This year, growers harvested significantly fewer amount of red pepper than a year earlier. Even though pepper mills in the Great Plain are working day and night to provide quality product, the situation is challenging due to the labour shortage of domestic pepper growers. As a result, increasing mechanisation can be experienced in the agricultural sector.

Growing sweet peppers is one of the most labour-intensive agricultural activities. From April to October, planting, hoeing, plant protection, and picking provide almost daily work in the fields, which is followed by post-maturation. In order to carry out all the processes in large quantities, a significant amount of manual labour is required. Still, the lack of human labour has been a straining problem for pepper growers for years.

And this phenomenon has become even more intensive in this season.

According to Róbert Vas, a grower and artisan processor in Röszke: “In this situation, mechanisation and automation are unavoidable compulsions for us. Ours is a special sector, so in previous decades, this area has not received much attention from constructors. But the situation has changed in the last 3-4 years.”

Read also: The brief history of the Hungarian paprika

As the Hungarian news portal Agrárszektor reports, the Vas family farm planted paprika pepper on 4 hectares this year. Raw materials have also been sold in previous years. This year, however, they bought ripe pepper berries from neighbouring growers. In addition to the smaller-than-usual crop, the fact that two large customers came to them in the middle of the summer, whose needs were no longer covered by their own crop, also showed that an expansion is needed. The family has been processing for two decades, which activity has gradually expanded with the increasing number of assets and customers.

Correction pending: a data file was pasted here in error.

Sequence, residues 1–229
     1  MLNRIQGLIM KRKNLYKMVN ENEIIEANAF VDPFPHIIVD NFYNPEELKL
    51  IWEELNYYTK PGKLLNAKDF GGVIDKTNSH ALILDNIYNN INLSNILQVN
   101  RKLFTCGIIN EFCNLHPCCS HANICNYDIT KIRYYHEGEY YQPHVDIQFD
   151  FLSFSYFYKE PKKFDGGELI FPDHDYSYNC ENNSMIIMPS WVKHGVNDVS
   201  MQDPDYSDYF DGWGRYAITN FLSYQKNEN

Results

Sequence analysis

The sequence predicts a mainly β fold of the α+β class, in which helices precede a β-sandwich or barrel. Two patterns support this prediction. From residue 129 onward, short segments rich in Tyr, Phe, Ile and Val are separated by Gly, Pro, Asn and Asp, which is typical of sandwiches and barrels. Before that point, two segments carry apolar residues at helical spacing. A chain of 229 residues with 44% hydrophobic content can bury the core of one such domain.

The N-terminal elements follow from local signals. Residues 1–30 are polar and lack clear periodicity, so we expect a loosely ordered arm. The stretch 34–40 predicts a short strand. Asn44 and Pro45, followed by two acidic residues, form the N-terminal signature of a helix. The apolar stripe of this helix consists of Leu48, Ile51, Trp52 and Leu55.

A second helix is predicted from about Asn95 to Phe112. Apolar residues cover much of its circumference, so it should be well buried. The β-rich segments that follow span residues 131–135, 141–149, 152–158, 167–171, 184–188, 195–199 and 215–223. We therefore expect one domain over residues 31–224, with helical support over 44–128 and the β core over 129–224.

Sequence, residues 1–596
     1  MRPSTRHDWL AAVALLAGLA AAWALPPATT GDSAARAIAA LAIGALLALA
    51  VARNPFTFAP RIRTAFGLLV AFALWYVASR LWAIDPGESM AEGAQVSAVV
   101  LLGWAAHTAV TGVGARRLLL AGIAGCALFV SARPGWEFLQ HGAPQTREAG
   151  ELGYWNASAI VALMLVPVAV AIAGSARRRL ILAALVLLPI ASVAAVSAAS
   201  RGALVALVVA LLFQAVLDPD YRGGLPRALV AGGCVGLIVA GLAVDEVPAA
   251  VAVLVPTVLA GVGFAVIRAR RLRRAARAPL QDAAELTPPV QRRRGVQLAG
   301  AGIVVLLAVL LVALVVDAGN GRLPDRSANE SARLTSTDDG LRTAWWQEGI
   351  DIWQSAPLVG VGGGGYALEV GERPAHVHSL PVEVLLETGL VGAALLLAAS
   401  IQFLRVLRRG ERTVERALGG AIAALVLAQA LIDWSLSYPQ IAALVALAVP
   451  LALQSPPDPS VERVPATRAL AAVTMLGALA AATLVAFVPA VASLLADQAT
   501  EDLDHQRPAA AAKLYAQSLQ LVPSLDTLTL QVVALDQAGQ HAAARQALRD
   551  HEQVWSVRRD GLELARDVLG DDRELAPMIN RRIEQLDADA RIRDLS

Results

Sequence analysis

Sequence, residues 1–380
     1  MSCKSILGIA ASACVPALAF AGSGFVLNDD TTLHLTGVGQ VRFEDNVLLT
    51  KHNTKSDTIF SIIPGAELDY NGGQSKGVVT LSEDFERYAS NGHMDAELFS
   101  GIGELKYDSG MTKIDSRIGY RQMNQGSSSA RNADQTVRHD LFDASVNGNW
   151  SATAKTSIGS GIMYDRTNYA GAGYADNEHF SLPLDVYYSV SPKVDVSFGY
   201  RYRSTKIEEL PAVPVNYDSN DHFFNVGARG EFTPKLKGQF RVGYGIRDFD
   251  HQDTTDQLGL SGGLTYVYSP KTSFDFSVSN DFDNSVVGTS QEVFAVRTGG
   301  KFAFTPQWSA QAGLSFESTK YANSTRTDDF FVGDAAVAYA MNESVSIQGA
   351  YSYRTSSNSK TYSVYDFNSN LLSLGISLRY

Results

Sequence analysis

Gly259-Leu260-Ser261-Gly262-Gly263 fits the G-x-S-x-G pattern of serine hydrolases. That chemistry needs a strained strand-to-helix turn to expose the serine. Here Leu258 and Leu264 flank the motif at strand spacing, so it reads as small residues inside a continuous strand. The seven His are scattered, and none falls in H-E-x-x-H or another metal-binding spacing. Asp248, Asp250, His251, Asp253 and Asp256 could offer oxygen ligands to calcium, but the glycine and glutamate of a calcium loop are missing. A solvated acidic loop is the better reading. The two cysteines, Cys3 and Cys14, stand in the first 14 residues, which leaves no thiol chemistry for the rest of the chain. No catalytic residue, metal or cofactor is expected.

In recent years, there is a strong perception that customer needs have turned to quality.

According to the Vas family, their market expansion can be explained by the fact that quality is the number one priority in production. Thus, 12-13% of the raw material is thrown away (returned to the arable land as a replacement for soil strength). Peppers that are defective in colour or have other quality problems are also removed. An optical sorting machine does this latter operation.

According to experts, freshly ground pepper makes the best paprika, similarly to coffee.

The Hungarian red paprika, classified as a Hungaricum, can be stored in airtight packaging in a dark place for a maximum of 2 years without any noticeable deterioration in quality.

The Vas family has had their family photo on the packaging of their products for two years. They claim this brought them a 10% increase in turnover. In addition to domestic cuisines, their products have conquered Slovenia, Canada, England and Denmark as well.

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Source: agrarszektor.hu

1 comment
  1. I would strongly dispute the claim that ‘their products have conquered England’. Despite the supermarkets there being a billion times better than the ones here, one of the very few products that they DO NOT usually sell is Hungarian édes paprika or the waxy yellow peppers. The paprika sold there is usually Spanish. In fact I have to post Hungarian paprika to my sister in England every few months because it cannot be sourced where she lives (the north of England).

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